Limiting the arbitrary : linguistic naturalism and its opposites in Plato's Cratylus and modern theories of language / John E. Joseph.

The idea that some aspects of language are 'natural', while others are arbitrary, artificial or derived, runs all through modern linguistics, from Chomsky's GB theory and Minimalist program and his concept of E- and I-language, to Greenberg's search for linguistic universals, Pin...

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Bibliographic Details
Main Author: Joseph, John Earl.
Format: Electronic
Language:English
Published: Philadelphia, PA : John Benjamins Pub. Co., ©2000.
Series:Amsterdam studies in the theory and history of linguistic science. Studies in the history of the language sciences ; v. 96.
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Online Access:Click for online access
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Summary:The idea that some aspects of language are 'natural', while others are arbitrary, artificial or derived, runs all through modern linguistics, from Chomsky's GB theory and Minimalist program and his concept of E- and I-language, to Greenberg's search for linguistic universals, Pinker's views on regular and irregular morphology and the brain, and the markedness-based constraints of Optimality Theory. This book traces the heritage of this linguistic naturalism back to its locus classicus, Plato's dialogue Cratylus. The first half of the book is a detailed examination of the linguistic arguments i.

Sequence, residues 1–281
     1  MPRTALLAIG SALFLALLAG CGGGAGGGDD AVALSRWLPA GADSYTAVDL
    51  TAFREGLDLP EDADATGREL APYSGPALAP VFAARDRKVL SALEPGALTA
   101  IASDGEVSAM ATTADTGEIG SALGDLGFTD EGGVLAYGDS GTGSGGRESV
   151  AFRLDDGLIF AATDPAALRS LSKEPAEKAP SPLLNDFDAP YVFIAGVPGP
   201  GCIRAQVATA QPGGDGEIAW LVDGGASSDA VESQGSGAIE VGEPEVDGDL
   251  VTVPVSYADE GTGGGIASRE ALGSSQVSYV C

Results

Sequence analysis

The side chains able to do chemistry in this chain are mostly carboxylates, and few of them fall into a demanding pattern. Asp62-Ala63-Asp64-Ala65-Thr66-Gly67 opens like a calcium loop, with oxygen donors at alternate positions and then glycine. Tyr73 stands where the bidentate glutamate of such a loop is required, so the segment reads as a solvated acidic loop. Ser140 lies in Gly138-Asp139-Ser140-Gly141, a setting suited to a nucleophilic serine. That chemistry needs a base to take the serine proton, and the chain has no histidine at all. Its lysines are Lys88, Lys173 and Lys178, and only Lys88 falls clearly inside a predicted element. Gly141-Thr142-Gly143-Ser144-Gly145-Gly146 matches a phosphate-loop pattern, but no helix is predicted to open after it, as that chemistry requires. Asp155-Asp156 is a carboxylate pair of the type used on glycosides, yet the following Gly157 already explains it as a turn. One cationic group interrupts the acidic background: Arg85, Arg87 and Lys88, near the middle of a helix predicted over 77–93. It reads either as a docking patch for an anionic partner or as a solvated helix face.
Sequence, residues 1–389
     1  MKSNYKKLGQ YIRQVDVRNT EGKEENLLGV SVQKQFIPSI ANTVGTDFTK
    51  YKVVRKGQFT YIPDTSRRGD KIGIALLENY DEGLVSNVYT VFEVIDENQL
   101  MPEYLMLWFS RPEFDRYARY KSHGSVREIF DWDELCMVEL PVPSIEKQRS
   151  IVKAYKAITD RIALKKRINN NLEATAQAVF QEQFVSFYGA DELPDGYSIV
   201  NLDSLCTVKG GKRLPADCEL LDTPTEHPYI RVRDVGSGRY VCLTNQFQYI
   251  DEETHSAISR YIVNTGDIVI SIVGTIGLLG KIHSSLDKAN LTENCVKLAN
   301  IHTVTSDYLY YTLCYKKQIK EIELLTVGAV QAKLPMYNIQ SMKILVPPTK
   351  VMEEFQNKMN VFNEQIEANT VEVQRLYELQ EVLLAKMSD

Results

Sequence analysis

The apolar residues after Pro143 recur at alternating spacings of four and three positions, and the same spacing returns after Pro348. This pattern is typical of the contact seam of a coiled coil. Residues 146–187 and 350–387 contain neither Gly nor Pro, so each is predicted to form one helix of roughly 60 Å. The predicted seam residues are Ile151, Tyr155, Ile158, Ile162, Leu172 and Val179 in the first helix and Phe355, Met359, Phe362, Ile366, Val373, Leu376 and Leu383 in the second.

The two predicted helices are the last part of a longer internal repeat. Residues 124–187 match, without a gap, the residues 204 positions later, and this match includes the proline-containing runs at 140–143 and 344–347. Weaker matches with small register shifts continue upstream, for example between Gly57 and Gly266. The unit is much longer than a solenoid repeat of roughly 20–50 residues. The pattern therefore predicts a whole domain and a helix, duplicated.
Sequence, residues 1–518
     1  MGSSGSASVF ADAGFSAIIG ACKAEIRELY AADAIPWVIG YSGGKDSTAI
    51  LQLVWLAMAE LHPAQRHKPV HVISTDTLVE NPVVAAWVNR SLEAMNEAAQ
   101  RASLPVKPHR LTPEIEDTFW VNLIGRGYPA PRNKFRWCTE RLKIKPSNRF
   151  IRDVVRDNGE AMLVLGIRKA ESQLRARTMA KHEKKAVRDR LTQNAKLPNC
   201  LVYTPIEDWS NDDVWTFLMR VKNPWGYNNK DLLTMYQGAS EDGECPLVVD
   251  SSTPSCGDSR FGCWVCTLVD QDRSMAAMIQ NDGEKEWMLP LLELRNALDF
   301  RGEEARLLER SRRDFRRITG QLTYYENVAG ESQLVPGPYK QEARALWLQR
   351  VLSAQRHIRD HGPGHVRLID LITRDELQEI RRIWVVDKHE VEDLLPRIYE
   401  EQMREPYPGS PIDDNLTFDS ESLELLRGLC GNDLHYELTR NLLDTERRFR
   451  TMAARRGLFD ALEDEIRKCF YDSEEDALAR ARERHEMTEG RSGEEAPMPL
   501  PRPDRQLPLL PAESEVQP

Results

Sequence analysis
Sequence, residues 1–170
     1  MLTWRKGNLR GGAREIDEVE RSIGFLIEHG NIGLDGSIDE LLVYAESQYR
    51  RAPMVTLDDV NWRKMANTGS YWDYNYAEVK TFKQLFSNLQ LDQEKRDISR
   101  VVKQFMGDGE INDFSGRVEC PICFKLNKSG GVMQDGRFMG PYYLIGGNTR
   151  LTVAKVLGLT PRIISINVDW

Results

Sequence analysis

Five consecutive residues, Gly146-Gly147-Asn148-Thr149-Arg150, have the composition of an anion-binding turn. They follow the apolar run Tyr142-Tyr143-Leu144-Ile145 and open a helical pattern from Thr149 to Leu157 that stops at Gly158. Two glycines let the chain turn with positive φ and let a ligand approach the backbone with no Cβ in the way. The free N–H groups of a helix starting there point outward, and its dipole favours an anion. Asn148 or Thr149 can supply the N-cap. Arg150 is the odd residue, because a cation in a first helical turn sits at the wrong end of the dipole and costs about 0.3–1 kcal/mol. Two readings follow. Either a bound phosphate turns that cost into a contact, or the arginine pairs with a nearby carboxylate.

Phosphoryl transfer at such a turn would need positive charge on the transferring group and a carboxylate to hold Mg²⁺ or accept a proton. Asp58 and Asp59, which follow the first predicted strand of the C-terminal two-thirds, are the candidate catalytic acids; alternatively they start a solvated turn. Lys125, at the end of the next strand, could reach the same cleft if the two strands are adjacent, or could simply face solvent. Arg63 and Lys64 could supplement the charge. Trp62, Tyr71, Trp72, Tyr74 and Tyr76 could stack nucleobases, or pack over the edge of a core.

Physical Description:1 online resource (viii, 224 pages)
Bibliography:Includes bibliographical references (pages 205-216) and index.
ISBN:9789027283726
9027283729
128317460X
9781283174602
9786613174604
6613174602
ISSN:0304-0720 ;
Language:English.